It's all part of a coordinated, planned effort. The only question is whether the public buys it. If they don't, it's going to be a big problem for president grabem. If they do, it's going to be a big problem for the country.

  • Ain't it grand we're at this point only one week into his term? And then we have Jill Stein tweeting this past weekend that Obama was just as bad. FFS.

  • @mothra, I had a serious discussion with a co-worker today who claims that it's not fair to examine what Trump says and does because *both sides do it* and *Obummer (sic) was just as bad*. Funny, I remember the "crises" of the last administration being the incredible brutality of Michelle Obama suggesting that school lunches contain a fruit or vegetable and that families go for a walk after dinner, not that 5-year-old American-born citizens be held at the airport for 20 hours with no food, water, or access to his mother because of his mother's birth country.

  • Gerald McGrew says:

    If you want a good indication of just how screwed up and delusional the Trump-supporting right wing is…..

    I just read an opinion piece on the immigration ban at The Federalist. In justifying and defending the exec. order, they list polling data from Syrians that should concern all of us, including:

    "Eighty-two percent [of Syrians] said they believe the Islamic State was created by the United States and its allies"

    Did you catch that? Apparently that Syrians believe ISIS was created by the US reflects poorly on Syrians and justifies us not letting them into the country.


    The utter cluelessness and blind tribalism that's going on with the right wing today worries the heck out of me.

  • The beat the press strategy Please, please keep at it Donald.

    Nothing proves to me just how insipid Trump and Company can be.

  • No worries about Bannon: According to section (a)(6) of federal statute 50, U.S. Code 3021, a civilian {Steve Bannon}must be confirmed/approved by the Senate in order to serve on the National Security Council as they do not fall into one f the five listed, pre-approved categories.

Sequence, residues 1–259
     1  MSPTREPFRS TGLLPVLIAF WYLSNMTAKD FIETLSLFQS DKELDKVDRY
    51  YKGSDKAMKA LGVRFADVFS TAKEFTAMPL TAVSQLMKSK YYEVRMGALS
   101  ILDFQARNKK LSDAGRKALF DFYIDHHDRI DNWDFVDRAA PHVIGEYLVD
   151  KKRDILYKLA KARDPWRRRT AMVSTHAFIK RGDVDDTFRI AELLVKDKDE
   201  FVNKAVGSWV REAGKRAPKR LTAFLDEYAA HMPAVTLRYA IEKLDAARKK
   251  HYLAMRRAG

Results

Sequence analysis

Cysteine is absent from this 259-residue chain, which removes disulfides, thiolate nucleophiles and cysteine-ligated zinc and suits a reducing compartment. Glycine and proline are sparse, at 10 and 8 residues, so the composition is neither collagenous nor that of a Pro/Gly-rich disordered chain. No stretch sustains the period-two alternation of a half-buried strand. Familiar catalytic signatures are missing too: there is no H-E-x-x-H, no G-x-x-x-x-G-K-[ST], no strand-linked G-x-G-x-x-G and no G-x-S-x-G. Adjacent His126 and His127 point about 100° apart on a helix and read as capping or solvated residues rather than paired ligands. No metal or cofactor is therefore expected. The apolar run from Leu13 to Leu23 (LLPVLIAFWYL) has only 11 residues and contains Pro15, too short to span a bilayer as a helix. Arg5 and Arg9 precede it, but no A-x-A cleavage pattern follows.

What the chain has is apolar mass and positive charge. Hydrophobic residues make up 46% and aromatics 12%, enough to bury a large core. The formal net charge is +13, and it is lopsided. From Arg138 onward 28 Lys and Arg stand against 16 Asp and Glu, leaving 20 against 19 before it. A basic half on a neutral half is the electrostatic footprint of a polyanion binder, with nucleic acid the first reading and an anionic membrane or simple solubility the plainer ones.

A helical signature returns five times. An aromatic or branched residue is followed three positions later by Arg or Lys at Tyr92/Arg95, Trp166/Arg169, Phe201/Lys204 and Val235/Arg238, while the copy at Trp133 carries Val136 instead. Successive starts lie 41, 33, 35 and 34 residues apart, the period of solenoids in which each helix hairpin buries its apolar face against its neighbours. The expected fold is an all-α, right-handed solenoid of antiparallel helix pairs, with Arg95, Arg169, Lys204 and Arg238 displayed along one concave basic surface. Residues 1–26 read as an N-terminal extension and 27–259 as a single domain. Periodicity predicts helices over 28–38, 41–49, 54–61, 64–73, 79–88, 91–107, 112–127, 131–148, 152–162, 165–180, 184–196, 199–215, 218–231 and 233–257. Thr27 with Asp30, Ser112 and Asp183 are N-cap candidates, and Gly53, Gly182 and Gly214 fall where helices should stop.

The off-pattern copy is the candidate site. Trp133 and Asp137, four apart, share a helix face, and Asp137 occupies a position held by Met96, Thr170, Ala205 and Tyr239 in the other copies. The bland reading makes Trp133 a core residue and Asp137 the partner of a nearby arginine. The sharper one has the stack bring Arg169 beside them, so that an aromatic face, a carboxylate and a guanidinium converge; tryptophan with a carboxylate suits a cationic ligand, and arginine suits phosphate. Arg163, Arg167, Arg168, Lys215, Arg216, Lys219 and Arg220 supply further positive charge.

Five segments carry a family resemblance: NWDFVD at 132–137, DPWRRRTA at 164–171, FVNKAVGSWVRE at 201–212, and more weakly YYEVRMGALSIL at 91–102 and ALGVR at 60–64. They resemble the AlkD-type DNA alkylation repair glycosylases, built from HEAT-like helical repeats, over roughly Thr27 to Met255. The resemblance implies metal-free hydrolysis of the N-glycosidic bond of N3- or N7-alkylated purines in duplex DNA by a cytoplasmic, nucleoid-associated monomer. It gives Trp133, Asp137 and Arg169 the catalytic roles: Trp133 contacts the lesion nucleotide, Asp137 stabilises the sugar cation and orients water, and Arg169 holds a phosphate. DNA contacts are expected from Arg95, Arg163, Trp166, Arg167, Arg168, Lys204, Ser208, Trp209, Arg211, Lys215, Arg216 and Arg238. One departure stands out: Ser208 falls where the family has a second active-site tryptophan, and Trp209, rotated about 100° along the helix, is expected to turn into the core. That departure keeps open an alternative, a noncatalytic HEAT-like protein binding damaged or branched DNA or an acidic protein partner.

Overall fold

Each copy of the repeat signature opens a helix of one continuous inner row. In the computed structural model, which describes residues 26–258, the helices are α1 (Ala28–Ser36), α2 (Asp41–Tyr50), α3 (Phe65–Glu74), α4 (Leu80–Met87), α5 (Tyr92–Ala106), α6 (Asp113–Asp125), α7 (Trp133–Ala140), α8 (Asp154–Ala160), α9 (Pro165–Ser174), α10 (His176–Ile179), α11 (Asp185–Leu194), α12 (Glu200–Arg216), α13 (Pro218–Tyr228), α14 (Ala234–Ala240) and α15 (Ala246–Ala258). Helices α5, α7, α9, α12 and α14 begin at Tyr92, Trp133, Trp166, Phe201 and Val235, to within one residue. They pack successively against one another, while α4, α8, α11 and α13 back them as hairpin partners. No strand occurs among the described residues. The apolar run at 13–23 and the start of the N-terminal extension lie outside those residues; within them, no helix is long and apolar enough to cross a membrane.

And, no, asshole Nazi fantasist is NOT one of the categories.

  • jc, the time for writing to representatives – or calling them, or faxing them, or confronting them at townhalls – seems to be over. They don't give a shit, and haven't for a long time.

    Now what? Vote them out of office in 2018? [insert derisive snort here]

    Rioting will be educational and fun

  • @Mo

    Rioting doesn't ever actually do what you want it to do, since it rarely gets moderates on your side. There is enough research showing that peaceful protests have a greater impact on public opinion than non-peaceful ones (can dig up references, if you're interested).

    Also, you absolutely still have representative government as a tool (Democrats and Republicans can both be convinced or strong-armed to act in your interests: see John McCain, Susan Collins), so fucking use it.

  • Andrew Laurence says:

    @jcdenton: There aren't going to be any more elections. Trump will have complete control of all branches of government within three months, just as Hitler did. He knows he and his cronies couldn't win today, never mind after two years of his shit.

  • @Andrew Laurence